What's Next for AS&E?

Judging from the email I received when I last wrote about American Science & Engineering (Nasdaq: ASEI  ) , people have strong feelings about this company -- either positive or negative. The bulls believe that the increasing requirement for security at our seaports, airports, and borders will continue to drive strong sales growth and earnings, while the bears seem to believe that the last year has been so strong that the company will be hard-pressed to match it. The result is that AS&E, which grew yearly revenues by 85% and earnings by 150%, is selling at a P/E ratio of just 18. Clearly, some skepticism is weighing on the stock.

Despite the skeptics (and my own worries about inventory and insider selling), there was certainly not a big problem with their fourth-quarter results, in my opinion. Revenues reached their second-highest quarterly total ever, checking in at $40.7 million -- 51% higher than a year ago. Earnings for the quarter totaled $0.51 per share, which was quite a bit weaker than the $0.76 estimate from the analysts, but a change in warrant valuation reduced the EPS number by $0.43 per share.

So the big question is whether AS&E can maintain strong growth in the future. It certainly has some growth drivers in place: Several of its OmniView Gantry systems are included in a $45 million contract to a Middle Eastern customer, and management has introduced a new parcel search system called Gemini for searching suitcases, briefcases, and purses. Furthermore, things appear to be progressing with the Transportation Security Administration's evaluation of AS&E's personnel screening system called SmartCheck.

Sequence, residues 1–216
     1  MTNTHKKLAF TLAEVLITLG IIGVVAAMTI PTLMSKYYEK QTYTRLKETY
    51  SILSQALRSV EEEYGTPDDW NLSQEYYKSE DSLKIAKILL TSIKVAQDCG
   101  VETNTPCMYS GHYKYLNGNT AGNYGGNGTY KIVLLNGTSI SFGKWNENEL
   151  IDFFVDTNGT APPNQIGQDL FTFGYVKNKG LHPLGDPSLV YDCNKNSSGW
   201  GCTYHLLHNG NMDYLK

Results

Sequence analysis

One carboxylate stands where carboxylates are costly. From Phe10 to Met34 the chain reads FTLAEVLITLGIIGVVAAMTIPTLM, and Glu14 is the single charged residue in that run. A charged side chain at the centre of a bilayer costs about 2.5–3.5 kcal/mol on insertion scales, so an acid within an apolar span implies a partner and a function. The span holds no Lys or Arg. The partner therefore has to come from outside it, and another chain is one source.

There are basically two difficulties that I see for AS&E over the next year. The first is that unlike its Z Backscatter Van (ZBV) product, it faces competition from both OSI Systems (Nasdaq: OSIS  ) and L-3 Communications (NYSE: LLL  ) with its new products -- and therefore the company most likely won't command the same margins as the ZBV. Management confirmed as much during the conference call and said they may have to compete on price with these products.

The second difficulty involves maintaining or increasing the level of ZBV sales. About 40% of the 180 ZBVs sold so far have been to the U.S. government, but will Uncle Sam continue placing large orders? If not, AS&E will likely have to find another big customer.

I certainly can't claim to know whether strong growth will continue this year, but I definitely like the stock a lot better at $60 per share than I did at $90. Uncertainty is unavoidable in investing, but if you own this stock, you can take comfort in the fact that the potential gain is much larger than the potential loss.

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Fool contributor Dan Bloom doesn't own shares of any stocks mentioned in this column. Feel free to email your comments to him.


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